Garden, Plant, Cook!

Wednesday, May 19, 2021

I am reducing my activity on the internet.

Dear Folks,

Pictured my harvest this morning.  I was out in the garden for a half hour enjoying the cool morning.

I will be reducing my presence on the Internet due to my ongoing health challenges.

Last year I was diagnosed with Cancer, and was symptom-free until the beginning of this year.  The covid virus restrictions stole my year of expecting to enjoy all the normal things without restriction.  I am not alone in this impact on my and my family's life.

I have enjoyed so very much sharing my gardening and cooking with you and I hope you chose to continue to find great resources out there.  If there was a silver lining to the covid impact it is that many people realized they could get control of "their" food by growing some or more of it and feeling of impowerment was substantial.

I will be keeping the blog and my facebook page up as long as feasible.  My website will be shutting down in a couple of months.

Meanwhile, as I can, I will be happy to answer questions on the facebook page ON any posts as they show up as an alert for me. 

Apparently my blogger, blog page may be changing according to a google notice about how the 'feedburner' for your 'subscription' to my blog works and I have no control over that.

You can send me an email to my aol account which I hope to keep up running as long as possible.

June 2020

July 2020

August 2020

September 2020

October 2020

November 2020

December 2020

January 2019 (apparently I missed doing 2020 and 2021!

February 2021

March 2021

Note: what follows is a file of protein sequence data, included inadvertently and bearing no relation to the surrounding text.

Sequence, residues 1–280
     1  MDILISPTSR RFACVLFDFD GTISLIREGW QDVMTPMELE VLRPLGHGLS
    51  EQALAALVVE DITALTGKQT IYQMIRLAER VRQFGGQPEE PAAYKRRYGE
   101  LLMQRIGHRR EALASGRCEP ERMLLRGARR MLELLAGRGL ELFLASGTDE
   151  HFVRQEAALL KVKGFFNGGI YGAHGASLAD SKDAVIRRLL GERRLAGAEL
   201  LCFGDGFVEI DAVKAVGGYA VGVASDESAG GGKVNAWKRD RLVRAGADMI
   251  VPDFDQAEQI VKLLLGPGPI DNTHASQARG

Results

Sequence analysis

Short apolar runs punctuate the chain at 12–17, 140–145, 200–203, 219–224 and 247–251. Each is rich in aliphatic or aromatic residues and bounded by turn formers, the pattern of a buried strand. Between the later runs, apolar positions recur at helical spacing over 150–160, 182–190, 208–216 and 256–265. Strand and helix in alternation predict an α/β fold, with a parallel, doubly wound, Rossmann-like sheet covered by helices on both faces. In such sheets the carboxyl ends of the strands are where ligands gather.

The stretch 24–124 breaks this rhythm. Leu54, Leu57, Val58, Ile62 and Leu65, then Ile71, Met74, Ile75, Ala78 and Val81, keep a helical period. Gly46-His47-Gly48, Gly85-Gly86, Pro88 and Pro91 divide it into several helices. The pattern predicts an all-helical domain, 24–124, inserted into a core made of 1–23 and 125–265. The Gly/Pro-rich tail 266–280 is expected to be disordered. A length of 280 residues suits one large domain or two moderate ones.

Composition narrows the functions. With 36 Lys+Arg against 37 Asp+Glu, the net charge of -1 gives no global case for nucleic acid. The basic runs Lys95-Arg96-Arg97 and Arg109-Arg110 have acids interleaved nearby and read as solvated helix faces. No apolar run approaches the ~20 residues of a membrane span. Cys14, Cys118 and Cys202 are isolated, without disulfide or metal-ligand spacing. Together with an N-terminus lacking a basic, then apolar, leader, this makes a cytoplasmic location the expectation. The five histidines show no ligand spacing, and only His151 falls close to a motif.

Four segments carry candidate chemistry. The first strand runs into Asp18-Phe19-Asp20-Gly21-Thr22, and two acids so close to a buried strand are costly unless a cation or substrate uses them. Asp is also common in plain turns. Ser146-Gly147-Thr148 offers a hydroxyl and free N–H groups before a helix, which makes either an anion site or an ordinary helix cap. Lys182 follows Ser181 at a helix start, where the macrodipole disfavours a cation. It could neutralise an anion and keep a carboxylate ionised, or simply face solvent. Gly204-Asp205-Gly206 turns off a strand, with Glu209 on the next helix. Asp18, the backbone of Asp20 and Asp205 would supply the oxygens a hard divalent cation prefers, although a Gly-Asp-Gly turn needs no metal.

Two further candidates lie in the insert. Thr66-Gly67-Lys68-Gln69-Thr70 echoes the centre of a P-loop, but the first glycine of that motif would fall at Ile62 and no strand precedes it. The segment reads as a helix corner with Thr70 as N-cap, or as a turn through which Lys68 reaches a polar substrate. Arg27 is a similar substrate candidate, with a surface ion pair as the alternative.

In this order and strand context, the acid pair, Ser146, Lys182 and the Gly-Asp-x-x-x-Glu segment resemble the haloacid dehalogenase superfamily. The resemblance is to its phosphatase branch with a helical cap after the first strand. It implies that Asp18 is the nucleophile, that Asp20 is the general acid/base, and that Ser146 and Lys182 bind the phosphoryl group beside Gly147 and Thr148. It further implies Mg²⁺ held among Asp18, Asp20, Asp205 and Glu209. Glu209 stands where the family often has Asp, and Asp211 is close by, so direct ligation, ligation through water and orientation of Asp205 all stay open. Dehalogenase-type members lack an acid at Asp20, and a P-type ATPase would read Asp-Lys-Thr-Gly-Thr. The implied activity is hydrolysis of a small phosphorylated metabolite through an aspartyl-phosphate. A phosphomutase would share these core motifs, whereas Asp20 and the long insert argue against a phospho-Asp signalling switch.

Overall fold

April 2021

May 2021

Additional Post you may find helpful

This was the top 10 posts you liked in 2019.  You can look on my right sidebar to see what is 'trending'   :)

Take care of you and your garden, be patient and kind to yourself and each other.


-- Catherine, The Herb Lady If you enjoyed this post, please share and subscribe below by entering your email, to get all my posts!

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Thursday, April 22, 2021

May Planting Tips - around the garden and more

Dear Folks,

May has several celebration dates for gardeners:

May 1st, is International Herb Day

May 2nd is International Permaculture Day

     International Permaculture Day on the first Sunday in May (or thereabouts) is a day of celebration and action for permaculture around the world.
Began in 2009 in Australia

May 3rd-Mother's Day May 9th Is National Herb Week.

Pictured is my harvest of greens and herbs for salads etc. Herbs include Variegated Lemon Thyme, and some you can't see: Cilantro, Dill, Chervil and Parsley.

A link to last year's May Planting Tips is below.  In some ways, this year is the same with sickness, challenges, supply issues and more.

But if there was and is a bright spot it was the new and renewed interest in gardening, growing your own food.